Posted: 13 Sep 2011 10:00 PM PDT
What’s up people? BMW has unveiled a new eScooter concept which for the first time promises performance and range that could make an electric scooter viable commuting transport.
From the beginning of the eScooter concept development BMW says it was benchmarking the range and performance, even with a pillion on board, of a 600cc scooter with a traditional internal combustion engine.
That means acceleration in the zero to 40mph range, a claimed comfortable cruising speed of around 70mph and a 60 mile range between charges. BMW claim the battery can be completely recharged from empty from a normal UK plug in just three hours although testing has shown the battery rarely gets completely flat and therefore charging takes less time.
There are some clever design elements to back-up the futuristic styling which sees the eScooter being part of the new range of BMW i vehicles which includes a small car called the i3 and a supercar called the i8. All will be launched this week at the Frankfurt Motor Show in Germany.
The main innovation on the eScooter is the use of the aluminium battery pack as a stressed element of the chassis of the scooter; in fact the battery pack is the chassis. Not only does it contain the battery pack but also all of the electronics controlling the power output. The steering head is bolted directly to the battery case with the swingarm and horizontally-mounted rear shock also directly connected to it.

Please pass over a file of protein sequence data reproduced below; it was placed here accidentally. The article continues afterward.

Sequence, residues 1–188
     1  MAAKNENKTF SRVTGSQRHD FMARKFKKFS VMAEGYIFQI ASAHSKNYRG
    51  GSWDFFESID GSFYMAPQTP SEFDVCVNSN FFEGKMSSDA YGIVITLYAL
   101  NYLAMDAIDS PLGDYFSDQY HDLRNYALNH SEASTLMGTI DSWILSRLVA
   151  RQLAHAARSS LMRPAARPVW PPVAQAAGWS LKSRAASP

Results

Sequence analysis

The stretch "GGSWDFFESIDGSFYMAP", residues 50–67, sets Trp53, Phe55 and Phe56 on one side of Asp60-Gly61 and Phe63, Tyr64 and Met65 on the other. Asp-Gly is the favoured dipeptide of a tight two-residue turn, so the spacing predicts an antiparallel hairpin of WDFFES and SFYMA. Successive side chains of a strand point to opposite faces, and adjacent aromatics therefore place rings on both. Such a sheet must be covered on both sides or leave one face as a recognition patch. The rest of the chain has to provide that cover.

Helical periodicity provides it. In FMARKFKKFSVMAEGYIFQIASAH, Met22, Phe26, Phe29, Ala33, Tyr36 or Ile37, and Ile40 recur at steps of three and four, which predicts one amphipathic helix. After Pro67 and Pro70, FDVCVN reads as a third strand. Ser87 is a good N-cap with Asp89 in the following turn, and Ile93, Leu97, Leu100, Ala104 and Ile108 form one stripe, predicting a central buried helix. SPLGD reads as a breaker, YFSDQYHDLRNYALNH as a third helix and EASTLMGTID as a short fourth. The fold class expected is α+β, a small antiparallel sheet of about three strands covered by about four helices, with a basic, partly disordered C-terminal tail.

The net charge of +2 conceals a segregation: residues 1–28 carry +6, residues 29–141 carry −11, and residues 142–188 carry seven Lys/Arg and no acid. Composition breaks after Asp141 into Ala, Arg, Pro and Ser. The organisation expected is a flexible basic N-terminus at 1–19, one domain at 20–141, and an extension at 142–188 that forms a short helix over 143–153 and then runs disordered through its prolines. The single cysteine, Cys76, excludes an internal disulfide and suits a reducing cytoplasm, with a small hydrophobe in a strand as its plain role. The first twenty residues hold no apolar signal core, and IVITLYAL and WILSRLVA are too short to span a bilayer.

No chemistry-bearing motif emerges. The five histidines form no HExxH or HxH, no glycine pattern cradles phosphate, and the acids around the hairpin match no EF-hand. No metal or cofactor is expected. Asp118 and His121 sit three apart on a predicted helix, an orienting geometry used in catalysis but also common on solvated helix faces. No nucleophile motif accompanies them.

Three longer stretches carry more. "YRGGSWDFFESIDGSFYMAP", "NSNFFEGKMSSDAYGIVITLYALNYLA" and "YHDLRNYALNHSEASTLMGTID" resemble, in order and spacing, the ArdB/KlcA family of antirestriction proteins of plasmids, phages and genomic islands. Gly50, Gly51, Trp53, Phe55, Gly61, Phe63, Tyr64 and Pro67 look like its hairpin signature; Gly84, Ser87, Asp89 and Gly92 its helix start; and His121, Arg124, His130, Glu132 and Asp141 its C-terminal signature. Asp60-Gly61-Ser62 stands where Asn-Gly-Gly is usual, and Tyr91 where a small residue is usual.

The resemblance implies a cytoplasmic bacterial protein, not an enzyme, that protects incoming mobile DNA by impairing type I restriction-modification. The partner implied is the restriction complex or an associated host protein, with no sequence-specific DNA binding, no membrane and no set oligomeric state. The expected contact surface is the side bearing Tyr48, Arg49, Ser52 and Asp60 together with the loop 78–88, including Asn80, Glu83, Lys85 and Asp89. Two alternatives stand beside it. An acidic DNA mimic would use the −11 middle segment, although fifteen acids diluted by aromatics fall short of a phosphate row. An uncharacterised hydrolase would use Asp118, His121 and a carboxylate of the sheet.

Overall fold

BMW has also employed some innovation in the actual electrical drivetrain to include regenerative charging on a closed throttle which can boost the vehicle range by between 10 and 20% depending on the way the scooter it ridden.
BMW states: “Due to its high output, the eScooter has no hub motor with direct drive or planetary gearbox. Instead, the high-performance electric machine is mounted behind the battery casing. The secondary drive consists of a toothed belt from the electric machine to the belt pulley mounted coaxially on the swinging fork pivot with drive pinion. From here, power transmission occurs via roller chain to the rear wheel.
“The electrical components required for the electric drive are installed on the top of the battery casing. The external battery electronics system permanently collects and monitors data such as the temperature and voltage of the battery cells, both during travel and while charging.”
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Stay tuned for more updates, and be sure to order your copy of the 2011 print edition of Inline Performance Magazine HERE at the pre-order price until supplies last.
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